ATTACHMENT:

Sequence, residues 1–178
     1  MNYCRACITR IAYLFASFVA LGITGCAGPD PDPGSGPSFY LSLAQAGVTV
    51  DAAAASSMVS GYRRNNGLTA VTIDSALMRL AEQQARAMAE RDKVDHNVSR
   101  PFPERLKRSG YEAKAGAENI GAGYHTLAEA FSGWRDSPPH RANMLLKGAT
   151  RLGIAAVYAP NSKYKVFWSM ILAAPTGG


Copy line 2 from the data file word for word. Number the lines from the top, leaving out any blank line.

     1  MNYCRACITR IAYLFASFVA LGITGCAGPD PDPGSGPSFY LSLAQAGVTV